Wine 101 – Introduction to Gamay

Gamay Grapes

Gamay Grapes

The Gamay grape has a history dating back to approximately 1360, and it is thought to have first appeared in the Village of Gamay, it’s namesake. It’s nearly synonymous with Beaujolais, the AOC (Appellation d’Origine Contrôlée) in which it is most abundantly produced. What does all that mean? Well, The short two minute video here tries to explain a little bit about the grape, the styles of wine you can expect from Gamay grapes, and the main geography it is produced in.

There are several regions, or appellations, of Beaujolais, and each produces a different style and quality of wine made from Gamay grapes. The Beaujolais AOC is considered the first quality tier, and is likely what you think of when you have Beaujolais Nouveau each November. Beaujolais wines are meant to drink soon after bottling, and are typically fruit forward and easy drinking. They also, perhaps, have a bad reputation of being too simple and barely a step up from sweetened fruit juice. While masterful marketing in the 1980s has made Beaujolais Nouveau a wine people anticipate each year, it has also perhaps hurt the reputation of a grape that could produce great wines.

The next step up in quality is Beaujolais-Villages (Vill-ah-zche). While the wines produced here are also meant to be consumed young, like Beaujolais, they typically have lower yields, or smaller crops, which in turn produce more intense grapes and a smaller amount of more intense wines. There is not, typically, a tremendous price difference between wines from Beaujolais vineyards versus Beaujolais-Villages, and trying wines from each area will help understand the differences and similarities.

Finally, there are the ten Cru Beaujolais regions, each with it’s own characteristics that are imparted upon the wine, and can be broken into three categories. The Cru’s that make the lightest style of wine includes Brouilly, the largest Cru, Regnie, which was upgraded from a Beajolais-Villages are in 1988, and Chiroubles. The Cru Beaujolais producing medium bodied wine, which some experts recommend at least a year of bottle aging before approaching, include Cote de Brouilly, Fleuire, and Saint-Amour. Finally, the four Cru’s that typically produce the fullest bodied wines are Chenas, Juliénas, Morgon, and Moulin-a-Vent.It’s difficult to summarize each of the Cru’s, so I’ll expand on them in future posts.

Now you have an opportunity to add your thoughts! While I mentioned cheeses like Munster, Emmental, and Brie, as well as chicken or turkey, I barely covered foods that pair well with Gamay, or Beaujolais. What are some of your favorite food and Gamay wine pairings? After watching the video and reading the post, leave a comment below. I’m curious your take on Gamay, Beaujolais, and related topics.

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6 thoughts on “Wine 101 – Introduction to Gamay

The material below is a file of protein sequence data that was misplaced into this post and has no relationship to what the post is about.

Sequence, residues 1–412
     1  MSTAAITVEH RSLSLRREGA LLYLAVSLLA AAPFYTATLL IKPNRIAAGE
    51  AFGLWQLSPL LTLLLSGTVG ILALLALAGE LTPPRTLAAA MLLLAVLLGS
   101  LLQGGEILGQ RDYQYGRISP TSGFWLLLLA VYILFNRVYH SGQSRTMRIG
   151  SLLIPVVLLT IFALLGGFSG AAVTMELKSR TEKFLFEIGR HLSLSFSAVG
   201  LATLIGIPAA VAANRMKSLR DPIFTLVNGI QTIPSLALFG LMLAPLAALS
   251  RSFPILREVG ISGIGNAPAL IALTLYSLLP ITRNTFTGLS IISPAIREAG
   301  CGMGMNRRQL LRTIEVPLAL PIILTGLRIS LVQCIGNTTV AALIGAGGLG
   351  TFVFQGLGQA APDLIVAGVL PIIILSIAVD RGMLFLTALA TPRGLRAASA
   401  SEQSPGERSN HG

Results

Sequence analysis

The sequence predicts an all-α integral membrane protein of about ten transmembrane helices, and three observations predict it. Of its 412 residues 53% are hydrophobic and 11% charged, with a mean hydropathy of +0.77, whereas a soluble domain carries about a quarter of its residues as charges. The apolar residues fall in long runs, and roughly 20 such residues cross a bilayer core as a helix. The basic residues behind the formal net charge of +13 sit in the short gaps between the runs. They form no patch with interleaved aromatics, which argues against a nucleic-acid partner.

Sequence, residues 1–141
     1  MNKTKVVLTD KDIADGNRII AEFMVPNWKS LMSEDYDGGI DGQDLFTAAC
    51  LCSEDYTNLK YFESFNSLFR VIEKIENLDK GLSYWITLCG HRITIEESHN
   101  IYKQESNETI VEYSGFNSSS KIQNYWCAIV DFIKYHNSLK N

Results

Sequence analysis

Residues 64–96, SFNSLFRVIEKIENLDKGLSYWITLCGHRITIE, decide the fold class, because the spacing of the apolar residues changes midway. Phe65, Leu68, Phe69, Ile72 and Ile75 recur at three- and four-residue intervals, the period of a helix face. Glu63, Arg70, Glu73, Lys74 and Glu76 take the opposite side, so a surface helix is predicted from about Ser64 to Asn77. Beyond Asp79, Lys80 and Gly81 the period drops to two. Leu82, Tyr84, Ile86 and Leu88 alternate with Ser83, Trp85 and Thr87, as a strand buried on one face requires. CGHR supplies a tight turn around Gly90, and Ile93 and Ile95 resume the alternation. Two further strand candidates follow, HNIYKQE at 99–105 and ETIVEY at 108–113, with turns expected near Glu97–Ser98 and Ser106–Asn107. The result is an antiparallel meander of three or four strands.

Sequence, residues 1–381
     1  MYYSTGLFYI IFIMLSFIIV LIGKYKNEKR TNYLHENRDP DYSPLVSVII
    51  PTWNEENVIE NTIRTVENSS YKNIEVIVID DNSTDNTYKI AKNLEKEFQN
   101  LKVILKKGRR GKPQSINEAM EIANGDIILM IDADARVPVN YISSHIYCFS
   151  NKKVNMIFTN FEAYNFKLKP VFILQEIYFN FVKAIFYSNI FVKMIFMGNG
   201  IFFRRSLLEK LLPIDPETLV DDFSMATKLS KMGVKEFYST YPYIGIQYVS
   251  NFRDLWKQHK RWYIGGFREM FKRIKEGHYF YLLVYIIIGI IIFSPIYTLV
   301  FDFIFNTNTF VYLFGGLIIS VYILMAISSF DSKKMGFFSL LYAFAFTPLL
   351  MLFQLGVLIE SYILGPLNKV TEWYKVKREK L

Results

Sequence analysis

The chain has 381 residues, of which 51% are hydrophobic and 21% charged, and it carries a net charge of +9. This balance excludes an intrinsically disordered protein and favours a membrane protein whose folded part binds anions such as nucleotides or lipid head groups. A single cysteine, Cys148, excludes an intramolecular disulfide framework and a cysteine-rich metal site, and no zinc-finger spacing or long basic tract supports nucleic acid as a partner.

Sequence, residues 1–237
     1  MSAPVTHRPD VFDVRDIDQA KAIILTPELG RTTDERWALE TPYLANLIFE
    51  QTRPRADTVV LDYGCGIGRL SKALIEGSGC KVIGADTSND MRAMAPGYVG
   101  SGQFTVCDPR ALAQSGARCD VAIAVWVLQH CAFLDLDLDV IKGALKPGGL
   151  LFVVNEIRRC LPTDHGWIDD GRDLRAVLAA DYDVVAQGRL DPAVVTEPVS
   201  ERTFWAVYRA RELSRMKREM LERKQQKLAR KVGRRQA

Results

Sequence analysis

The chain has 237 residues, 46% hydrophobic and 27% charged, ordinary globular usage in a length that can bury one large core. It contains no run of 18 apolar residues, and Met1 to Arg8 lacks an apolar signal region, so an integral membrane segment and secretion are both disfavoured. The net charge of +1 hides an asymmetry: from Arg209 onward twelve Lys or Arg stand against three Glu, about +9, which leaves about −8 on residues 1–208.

1. I think you did a fine job on providing the basics of Gamay. Its a wine I have very little experience with, so I found this short video pretty informative. I look forward to the next installments where we can see the wine in action with food.

    Josh @nectarwine on Twitter

  2. Thanks Josh. Gamay isn't a grape that I have on my “Favorites” list – so I really had to get my head around discussing it. I wanted to give some basic information – without sounding biased! I also know there's SO much more information about Gamay, with it popping up in Willamette Valley as well as Slovenia. I just couldnt cover it all in under 5 minutes. A few friends IM/DMed me questions like “How much do wines from Beaujolais cost in comparison to Cru Beaujolais” and “Of the 10 different Cru Beaujolais, how do they differ not in just body, but taste, price, etc.” Great questions – i wish they asked them in comments :)

    I'll try to answer those questions in tonight's Wine Blogging Wednesday post – where i put up a short but hopefully coherent review of Domaine Ruet Chiroubles, a Cru Beaujolais. And if not – ii'll come back here and discuss!!

  3. Not a big fan of the fruity taste of these type of wines. IF memory serves me correct, I think salty foods go well? My husband and his family are always eating sausage type stuff, prosciutto, those type of foods?
    Great, informative segment. I need to go back and reread to digest all the info. Very educational and so good to know. I need to brush up on this stuff lol!

  4. I don't know if you saw my other post on Cru Beaujolais, made from Gamay grapes. I did indeed admit it's not my favorite! You, and your husband's family, are right on, that sausage type stuff (cold cuts) go well! Some pate, perhaps!

    Thanks for the visit – and I'm looking for to hearing about your trip to France this summer!


  5. I am not a fan of Beajolais either. I have tried a few and have decided to give it up. I call it “Wine for Children” since it tastes like Kool-aid. Under normal circumstances, I love Kool-Aid but not when I'm drinking wine.

    I didn't get a chance to watch the video but I definitely like the new blog format. Short and sweet and easy to read. Good job Matt!

    PS The only thing I know about Beajolais is that it's made through carbonic maceration. Please don't ask me what that means.

  6. Beuajolais Nouveau is definitely that cool-aid you think of. Beaujolais-Villages, and Cru Beaujolais are big steps up, in my opinion. They are still not my favorite, but not bad. I did, however, have some gamay, the grape that is predominant in wines from the Beaujolais regions, that rocked. I'll post more on that later.

    Carbonic maceration, in quick summery, is when they cause the fermentation to occur inside of the uncrushed grape. Typically they crush it and the fermentation occurs in the juice. I can post a little on it in the future.


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